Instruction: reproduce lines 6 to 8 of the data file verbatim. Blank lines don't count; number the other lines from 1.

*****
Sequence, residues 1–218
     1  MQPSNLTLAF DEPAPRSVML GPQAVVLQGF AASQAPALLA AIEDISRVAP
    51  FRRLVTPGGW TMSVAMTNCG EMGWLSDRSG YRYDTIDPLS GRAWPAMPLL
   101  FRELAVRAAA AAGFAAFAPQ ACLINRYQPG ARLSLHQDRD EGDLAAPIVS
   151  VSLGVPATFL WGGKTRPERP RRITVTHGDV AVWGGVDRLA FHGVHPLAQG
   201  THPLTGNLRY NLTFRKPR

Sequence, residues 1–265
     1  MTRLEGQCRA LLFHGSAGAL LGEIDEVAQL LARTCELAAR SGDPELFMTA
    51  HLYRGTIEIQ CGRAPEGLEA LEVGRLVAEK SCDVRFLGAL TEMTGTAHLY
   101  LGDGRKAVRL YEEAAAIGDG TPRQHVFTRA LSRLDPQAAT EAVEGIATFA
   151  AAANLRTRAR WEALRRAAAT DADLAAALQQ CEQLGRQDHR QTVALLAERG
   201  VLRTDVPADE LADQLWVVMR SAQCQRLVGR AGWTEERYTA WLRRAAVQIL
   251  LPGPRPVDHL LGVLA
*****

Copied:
   201  THPLTGNLRY NLTFRKPR

Sequence, residues 1–265
     1  MTRLEGQCRA LLFHGSAGAL LGEIDEVAQL LARTCELAAR SGDPELFMTA